In the “Lean Forward” advertisements on MSNBC, White House correspondent Chuck Todd speaks of the opportunity and responsibility he has because of his access to the inner world of Washington. I feel the same about my visits to Israel as National President of Hadassah. But the most impressive part isn’t the access to the so-called corridors of power. The time I get to spend in the corridors of healing never fails to inspire me about the achievements of the modern state of Israel.
So it was recently, amidst long sessions of Hadassah Medical Organization board meetings, that I had a chance to make get-well visits to patients. Let me share one of them.
On the seventh floor of the new Sarah Wetsman Davidson Hospital Tower with its stunning view of the Judaean Hills, I met David Fintzi, 19. Fintzi is an activist in reviving the Jewish community in Romania, and about to begin medical school in Bucharest. In early July, he’d finished his exams and booked a ticket for an Israel visit. In the meantime, he went to visit a friend in the old Jewish community of Iasi in Moldavia. What happened while they were touring is still unclear. Fintzi somehow veered too close to the cable of the Iasi electric train. 27,000 volts of electricity ran through his lean body. He was electrocuted and he caught on fire.
There is no advanced emergency facility in Iasi. A helicopter crew flew David to Bucharest.
Electric burns differ from thermal or chemical burns because they cause more damage deep underneath the skin. They are more difficult to diagnose, and they can cause shock and strain to the heart, kidneys and other organs.
The question was raised almost immediately: would Fintzi be better off in Israel? Think about it. Romania, with 20 million citizens, is a much larger country than Israel. The academies of Romanian medicine are much older than those we have established in modern times in Israel, while absorbing immigrants and fighting wars. And David Fintzi lives in Romania.
But for a person in need, the question is always there. Would we do better in Israel? I get inquiries every single week from all over the world—and yes, from the US—asking if patients should seek help in the modern Jewish state. Think about this. It’s huge.
David’s parents Andre and Manuella made the tough decision to fly their perilously ill only child to Israel. The Jewish Agency got involved and helped to arrange the transfer.
The Hadassah air ambulance service created by pilot/physician David Linton picked him up. On board were Hadassah internist Marc Romaine, a new immigrant from South Africa; and Nurse Kyrill Grozovsky, an immigrant from the former Soviet Union. This is the power of the ingathering of our people—bringing talent and dedication from around the world. Two and a half hours after they took off, they made a bumpy landing, and sped by ambulance up the winding road to Jerusalem.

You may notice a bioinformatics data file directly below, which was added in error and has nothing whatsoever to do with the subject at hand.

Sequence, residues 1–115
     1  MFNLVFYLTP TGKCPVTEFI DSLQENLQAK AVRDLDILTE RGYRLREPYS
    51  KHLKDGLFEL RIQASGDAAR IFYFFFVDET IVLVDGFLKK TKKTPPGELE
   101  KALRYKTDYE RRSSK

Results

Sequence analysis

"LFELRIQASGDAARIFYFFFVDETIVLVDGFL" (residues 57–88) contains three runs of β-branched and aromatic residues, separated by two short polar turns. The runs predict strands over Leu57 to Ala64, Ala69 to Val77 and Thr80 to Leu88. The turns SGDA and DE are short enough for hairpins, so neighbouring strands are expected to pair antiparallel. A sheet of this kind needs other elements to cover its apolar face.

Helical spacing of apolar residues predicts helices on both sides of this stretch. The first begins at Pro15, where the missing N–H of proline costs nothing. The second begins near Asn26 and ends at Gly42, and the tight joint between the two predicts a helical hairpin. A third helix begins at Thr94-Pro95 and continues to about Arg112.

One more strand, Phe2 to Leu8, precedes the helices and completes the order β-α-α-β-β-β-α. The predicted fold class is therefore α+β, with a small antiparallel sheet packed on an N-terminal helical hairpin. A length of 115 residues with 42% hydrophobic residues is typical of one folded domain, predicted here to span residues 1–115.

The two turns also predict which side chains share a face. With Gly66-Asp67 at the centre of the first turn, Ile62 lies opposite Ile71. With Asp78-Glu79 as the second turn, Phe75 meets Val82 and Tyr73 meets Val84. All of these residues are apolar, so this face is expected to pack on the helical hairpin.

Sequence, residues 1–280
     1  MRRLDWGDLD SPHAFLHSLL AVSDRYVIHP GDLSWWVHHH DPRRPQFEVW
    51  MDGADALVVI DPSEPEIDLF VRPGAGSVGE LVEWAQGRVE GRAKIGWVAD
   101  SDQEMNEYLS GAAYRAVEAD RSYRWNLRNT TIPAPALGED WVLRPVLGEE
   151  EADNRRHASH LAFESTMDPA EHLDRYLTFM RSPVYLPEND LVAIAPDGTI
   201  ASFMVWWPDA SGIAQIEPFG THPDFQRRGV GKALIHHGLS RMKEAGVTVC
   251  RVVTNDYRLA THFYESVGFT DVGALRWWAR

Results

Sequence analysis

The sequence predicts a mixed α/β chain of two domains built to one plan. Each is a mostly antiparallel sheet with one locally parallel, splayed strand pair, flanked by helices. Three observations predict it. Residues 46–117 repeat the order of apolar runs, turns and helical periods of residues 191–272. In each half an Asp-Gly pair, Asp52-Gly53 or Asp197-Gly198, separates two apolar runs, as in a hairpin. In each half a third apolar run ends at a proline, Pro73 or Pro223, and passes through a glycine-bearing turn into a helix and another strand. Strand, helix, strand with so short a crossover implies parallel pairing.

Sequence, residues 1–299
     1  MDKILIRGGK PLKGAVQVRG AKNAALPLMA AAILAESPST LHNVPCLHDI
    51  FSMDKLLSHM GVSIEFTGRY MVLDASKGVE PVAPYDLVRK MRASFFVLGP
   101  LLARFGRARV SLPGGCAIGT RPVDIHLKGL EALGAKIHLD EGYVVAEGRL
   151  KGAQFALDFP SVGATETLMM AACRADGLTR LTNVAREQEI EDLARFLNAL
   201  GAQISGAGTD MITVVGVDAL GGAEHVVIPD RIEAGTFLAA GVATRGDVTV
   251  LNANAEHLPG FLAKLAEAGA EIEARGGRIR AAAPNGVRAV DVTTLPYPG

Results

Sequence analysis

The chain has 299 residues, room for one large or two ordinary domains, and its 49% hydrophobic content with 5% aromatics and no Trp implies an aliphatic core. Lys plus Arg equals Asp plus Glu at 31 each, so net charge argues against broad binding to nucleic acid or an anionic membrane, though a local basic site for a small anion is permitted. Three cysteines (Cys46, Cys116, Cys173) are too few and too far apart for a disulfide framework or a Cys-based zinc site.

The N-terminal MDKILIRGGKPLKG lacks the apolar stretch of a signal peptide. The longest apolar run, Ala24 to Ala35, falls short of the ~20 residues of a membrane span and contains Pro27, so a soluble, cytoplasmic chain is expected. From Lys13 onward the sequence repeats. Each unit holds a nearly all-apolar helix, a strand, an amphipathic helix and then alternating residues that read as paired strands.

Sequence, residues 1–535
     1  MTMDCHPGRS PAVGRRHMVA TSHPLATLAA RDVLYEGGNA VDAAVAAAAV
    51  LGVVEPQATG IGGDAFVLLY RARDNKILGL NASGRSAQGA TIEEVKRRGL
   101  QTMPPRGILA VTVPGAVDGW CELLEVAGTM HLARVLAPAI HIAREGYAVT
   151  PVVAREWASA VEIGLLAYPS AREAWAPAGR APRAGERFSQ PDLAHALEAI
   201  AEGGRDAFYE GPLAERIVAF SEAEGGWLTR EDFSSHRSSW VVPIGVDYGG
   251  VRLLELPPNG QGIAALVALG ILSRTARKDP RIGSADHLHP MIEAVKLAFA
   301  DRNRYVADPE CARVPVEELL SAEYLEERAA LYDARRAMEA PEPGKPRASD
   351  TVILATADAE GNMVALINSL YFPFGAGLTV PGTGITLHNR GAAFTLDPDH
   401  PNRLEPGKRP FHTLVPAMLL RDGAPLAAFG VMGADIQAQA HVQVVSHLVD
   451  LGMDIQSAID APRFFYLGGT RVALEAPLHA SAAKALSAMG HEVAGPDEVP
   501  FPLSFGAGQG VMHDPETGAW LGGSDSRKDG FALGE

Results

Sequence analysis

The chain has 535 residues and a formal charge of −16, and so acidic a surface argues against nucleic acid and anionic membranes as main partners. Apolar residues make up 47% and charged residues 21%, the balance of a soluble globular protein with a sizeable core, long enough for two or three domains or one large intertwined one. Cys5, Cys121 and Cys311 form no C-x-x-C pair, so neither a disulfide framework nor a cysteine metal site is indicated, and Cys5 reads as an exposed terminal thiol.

The Burns Unit at Hadassah Hospital which would provide life-saving expertise for David Fintzi earned its reputation the hard way. First, in the Yom Kippur War, the 40th anniversary of which we are marking these days, the wards were flooded with soldiers with tank battle wounds. Plastic surgeons from the Diaspora flew in to bolster the local doctors. Horrendous injuries from terror needed new modalities and a skin bank.
In a rasping voice, David Fintzi, sitting up and eating, thanked me. His Mom hugged me and wept. “Every day our son is getting better. Thank you, and thank the women of Hadassah,” she said.
Every one of us was being embraced at that moment.
On the day I visited these patients, the Hadassah air ambulance was picking up three other patients– from Switzerland, from Spain and from Hungary. Patients from England, Kiev, and American tourists in Egypt have also been brought to Israel recently for treatment, as was a government minister from one of our neighboring Arab countries. Also, let’s not forget the Prime Minister of Israel who was down the hall recently. When the President of the United States of America visited Israel, sabra trauma surgeon Avi Rivkind was asked to be on call, just in case.
In the book Start-Up Nation, Israel’s extraordinary high tech success is connected to the drive to constantly evaluate and to change protocols and technology to do better next time. Ideas are shared among all with little concern for hierarchy. I see that in the hospital every day.
After the Boston Marathon bombing, the local team paid homage to Israeli medicine. Every sixth year student at the Hebrew University-Hadassah medical school, whether he or she will be an ophthalmologist or an orthopedist, whether he or she is a Jew or an Arab, is required to take a trauma medicine course. No matter where life will take them, they need to be prepared for all situations. One of the messages they come away with is to evaluate how well they did, and to be prepared better for next time.
May that next time never come. May we and our loved ones not need Israeli medical skills. Still, aren’t we all glad and proud it’s there if we do!
Marcie Natan is the National President of Hadassah, The Women’s Zionist Organization of America.